History of Iran

Zand Dynasty


Karim Khan Zand
Karim Khan Zand -of humble tribal origin- became one of the generals of his predecessor, Nader Shah. In the chaotic aftermath of Nader Shah's assassination in 1747, Karim Khan became a major contender for power but was challenged by several adversaries. Karim Khan gained control of central and southern parts of Iran. In order to add legitimacy to his claim, Karim Khan in 1757 placed on the throne the infant Shah Isma'il III, the grandson of the last official Safavid king. Isma'il was a figurehead king, real power being vested in Karim Khan. He was a compassionate ruler who refused to assume the title of shahanshah (king of kings) but used that of the vakil (regent).

By 1760 Karim Khan had defeated all his rivals and controlled all of Iran except Khorasan, in the northeast, which was ruled by Shahrokh, the blind grandson of Nader Shah. During Karim Khan's rule Iran recovered from the devastation of 40 years of war. He made Shiraz his capital, constructing many fine buildings. Moreover, he reorganized the fiscal system of the kingdom, removing some of the heavy burdens of taxation from the agricultural classes. An active patron of the arts, he attracted many scholars and poets to his capital.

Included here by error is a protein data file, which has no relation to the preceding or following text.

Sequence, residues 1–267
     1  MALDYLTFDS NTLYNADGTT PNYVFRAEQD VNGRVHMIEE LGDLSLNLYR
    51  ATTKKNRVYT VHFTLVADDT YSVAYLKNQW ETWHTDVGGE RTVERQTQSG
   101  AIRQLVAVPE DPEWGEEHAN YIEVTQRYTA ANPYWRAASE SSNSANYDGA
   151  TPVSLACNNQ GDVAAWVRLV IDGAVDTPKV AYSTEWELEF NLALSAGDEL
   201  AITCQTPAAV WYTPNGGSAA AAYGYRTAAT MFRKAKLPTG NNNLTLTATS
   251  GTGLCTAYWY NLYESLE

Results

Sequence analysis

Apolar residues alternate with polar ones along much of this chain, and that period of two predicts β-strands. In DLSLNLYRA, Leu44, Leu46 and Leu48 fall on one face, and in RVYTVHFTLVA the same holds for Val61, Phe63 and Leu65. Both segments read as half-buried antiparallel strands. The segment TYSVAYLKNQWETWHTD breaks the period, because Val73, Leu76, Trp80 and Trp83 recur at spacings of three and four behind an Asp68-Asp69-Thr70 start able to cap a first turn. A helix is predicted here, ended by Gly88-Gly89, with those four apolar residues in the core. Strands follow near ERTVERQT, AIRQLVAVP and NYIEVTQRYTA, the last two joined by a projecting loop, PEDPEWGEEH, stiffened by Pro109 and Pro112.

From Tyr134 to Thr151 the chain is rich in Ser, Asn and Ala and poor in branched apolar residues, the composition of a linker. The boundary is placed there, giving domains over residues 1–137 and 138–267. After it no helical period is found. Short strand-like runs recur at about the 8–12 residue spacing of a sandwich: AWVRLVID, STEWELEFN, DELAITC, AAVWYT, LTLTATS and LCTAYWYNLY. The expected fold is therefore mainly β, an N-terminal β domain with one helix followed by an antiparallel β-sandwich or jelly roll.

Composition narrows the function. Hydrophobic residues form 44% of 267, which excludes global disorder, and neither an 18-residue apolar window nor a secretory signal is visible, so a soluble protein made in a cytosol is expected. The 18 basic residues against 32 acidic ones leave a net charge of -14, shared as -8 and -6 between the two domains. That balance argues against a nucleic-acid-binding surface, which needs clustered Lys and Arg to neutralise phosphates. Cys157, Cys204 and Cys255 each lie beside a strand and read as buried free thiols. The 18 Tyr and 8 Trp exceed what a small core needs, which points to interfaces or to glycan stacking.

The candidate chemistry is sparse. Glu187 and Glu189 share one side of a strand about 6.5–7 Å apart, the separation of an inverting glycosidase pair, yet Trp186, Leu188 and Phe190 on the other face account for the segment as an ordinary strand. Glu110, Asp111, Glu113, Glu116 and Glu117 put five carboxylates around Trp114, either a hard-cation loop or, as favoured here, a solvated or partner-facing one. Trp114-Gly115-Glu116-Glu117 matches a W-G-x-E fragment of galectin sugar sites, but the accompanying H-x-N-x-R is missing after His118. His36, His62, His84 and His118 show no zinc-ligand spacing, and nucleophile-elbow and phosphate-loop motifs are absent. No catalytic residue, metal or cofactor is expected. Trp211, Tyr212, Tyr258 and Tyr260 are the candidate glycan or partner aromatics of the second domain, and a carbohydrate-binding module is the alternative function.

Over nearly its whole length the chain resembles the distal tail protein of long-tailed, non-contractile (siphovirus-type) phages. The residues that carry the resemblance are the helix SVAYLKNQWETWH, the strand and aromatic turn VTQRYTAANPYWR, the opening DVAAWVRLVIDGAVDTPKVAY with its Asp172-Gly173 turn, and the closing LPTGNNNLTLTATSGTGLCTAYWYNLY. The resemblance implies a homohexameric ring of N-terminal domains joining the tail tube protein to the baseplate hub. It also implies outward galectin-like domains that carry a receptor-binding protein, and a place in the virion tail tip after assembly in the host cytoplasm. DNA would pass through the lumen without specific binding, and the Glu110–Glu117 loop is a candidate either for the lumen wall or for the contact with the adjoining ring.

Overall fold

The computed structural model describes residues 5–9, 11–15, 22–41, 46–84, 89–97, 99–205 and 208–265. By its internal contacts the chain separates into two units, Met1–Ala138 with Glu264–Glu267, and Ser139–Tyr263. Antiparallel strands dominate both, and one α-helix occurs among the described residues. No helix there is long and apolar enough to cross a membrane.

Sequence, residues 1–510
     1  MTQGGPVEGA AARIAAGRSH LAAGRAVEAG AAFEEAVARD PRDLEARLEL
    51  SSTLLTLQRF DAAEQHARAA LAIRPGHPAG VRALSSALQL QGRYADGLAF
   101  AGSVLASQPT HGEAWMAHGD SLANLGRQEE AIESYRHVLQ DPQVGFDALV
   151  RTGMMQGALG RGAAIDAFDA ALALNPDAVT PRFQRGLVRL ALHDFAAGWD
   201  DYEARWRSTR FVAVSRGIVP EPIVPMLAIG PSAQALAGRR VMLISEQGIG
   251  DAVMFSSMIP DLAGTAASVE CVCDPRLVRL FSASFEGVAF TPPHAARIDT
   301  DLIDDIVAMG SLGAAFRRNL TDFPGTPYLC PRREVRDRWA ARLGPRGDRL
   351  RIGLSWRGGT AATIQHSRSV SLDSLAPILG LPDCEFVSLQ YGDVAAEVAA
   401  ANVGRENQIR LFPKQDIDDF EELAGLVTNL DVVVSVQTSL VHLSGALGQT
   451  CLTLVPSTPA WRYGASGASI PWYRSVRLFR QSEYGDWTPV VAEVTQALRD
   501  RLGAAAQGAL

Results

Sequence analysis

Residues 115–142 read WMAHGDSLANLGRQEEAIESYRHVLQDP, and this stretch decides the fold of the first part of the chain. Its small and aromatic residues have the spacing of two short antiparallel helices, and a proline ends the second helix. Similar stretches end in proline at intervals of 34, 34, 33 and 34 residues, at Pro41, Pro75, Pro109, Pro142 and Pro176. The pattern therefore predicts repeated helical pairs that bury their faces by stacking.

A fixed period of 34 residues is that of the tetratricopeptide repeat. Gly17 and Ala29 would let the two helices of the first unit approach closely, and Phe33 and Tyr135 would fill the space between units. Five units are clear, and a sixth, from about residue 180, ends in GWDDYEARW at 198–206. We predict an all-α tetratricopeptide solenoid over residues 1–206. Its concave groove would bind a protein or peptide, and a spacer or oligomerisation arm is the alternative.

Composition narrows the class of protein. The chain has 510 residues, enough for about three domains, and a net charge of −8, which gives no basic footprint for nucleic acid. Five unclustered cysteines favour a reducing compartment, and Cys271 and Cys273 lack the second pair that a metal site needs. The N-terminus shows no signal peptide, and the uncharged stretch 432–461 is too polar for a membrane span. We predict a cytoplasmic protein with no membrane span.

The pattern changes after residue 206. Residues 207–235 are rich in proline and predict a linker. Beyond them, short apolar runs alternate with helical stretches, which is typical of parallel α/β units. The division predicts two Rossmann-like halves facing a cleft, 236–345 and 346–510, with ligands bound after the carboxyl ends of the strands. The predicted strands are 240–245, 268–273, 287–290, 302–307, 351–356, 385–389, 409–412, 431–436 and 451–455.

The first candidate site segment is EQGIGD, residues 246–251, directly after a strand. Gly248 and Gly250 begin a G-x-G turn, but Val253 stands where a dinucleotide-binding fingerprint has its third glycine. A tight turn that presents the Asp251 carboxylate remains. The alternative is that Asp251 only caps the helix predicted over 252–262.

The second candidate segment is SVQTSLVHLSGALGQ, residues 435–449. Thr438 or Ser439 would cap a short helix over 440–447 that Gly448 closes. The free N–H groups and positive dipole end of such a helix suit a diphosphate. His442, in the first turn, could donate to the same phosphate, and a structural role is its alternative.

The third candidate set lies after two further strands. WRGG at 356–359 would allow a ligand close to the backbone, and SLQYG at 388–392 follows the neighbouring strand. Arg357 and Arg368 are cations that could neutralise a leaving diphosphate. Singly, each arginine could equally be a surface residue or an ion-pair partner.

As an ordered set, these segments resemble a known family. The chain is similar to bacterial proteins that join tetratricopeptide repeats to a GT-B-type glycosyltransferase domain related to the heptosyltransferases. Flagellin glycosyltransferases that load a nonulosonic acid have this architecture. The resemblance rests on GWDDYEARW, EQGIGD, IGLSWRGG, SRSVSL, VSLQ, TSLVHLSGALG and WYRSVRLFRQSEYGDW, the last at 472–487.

Karim Khan also opened Iran to foreign influence by allowing the English East India Company to establish a trading post in Bushire, the Persian Gulf port (1763). In advancing his policy of developing trade, in 1775-76 he attacked and captured Basra, the Ottoman port at the mouth of the Persian Gulf, which had diverted much of the trade with India away from Iranian ports.

The civil war that followed Karim Khan's death ended only with the final establishment of the Qajar dynasty in. His death in 1779 was followed by internal dissensions and disputes over successions. Between 1779 and 1789 five Zand kings ruled briefly. In 1789 Lotf Ali Khan (ruled 1789-94) proclaimed himself as the new Zand king and took energetic action to put down a rebellion led by Agha Mohammad Khan Qajar that had begun at Karim Khan's death. Outnumbered by the superior Qajar forces, Lotf Ali Khan was finally defeated and captured at Kerman in 1794. His defeat marked the final eclipse of the Zand dynasty, which was supplanted by that of the Qajars.